UP NEXT

LHP Dillon Peters (2-2, 6.98 ERA) starts for the Marlins against RHP Kenta Maeda (2-1, 3.77).

___

More AP baseball: www.apnews.com/tags/MLBbaseball

A tough re-election climate tests the chumminess in Senate

WASHINGTON (AP) - In Trump's Washington, traditions are frail and civility a novelty. But one custom that is hanging on - tattered and tenuously - is an unwritten rule: Don't work too hard to inflict political harm on your Senate colleagues.

This election season is testing lawmakers' commitment to the fading courtesy. As many Democrats face tough re-election races in states won by President Donald Trump, their Republican colleagues face a choice about how fervently to try to defeat their fellow senators.

The question has bubbled up recently as GOP senators have indicated their intention to pull their punches against Democratic incumbents from their home states. In hot Senate races in Indiana and Florida, Republican senators have suggested they might not go to the mat for the Republican candidates. Sen. Bob Corker raised eyebrows Sunday with a twist on the rule - issuing a startlingly tepid endorsement of Republican Rep. Marsha Blackburn, the House lawmaker running against Democrat Phil Bredesen for Corker's seat in Tennessee.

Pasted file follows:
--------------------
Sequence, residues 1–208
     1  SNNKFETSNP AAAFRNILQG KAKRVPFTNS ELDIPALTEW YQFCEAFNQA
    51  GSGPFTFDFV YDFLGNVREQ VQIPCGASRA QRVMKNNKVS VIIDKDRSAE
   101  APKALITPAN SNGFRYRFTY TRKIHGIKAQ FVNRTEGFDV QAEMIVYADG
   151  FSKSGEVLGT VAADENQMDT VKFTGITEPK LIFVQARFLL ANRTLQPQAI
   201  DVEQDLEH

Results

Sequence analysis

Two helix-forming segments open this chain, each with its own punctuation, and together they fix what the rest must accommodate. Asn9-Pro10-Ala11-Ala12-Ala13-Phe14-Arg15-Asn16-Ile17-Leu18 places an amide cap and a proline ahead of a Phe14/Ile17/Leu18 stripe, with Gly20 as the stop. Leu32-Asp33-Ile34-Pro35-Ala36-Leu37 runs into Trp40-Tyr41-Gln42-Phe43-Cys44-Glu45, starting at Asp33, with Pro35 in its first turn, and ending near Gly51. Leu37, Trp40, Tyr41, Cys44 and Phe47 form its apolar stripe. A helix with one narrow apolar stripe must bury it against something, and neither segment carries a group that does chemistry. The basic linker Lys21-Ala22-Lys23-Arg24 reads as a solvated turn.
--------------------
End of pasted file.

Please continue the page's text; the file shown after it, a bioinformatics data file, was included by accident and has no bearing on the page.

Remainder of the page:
"I'm not going to campaign against him, but I'm supporting our nominee," Corker said on CNN.

There was a time such a statement might not have made news. Old-timers say there used to be a hard and fast rule not to meddle in other Senate races lest you sour relationships in the clubby Senate, then, as now, loaded with politicians blessed by long memories and thin skins.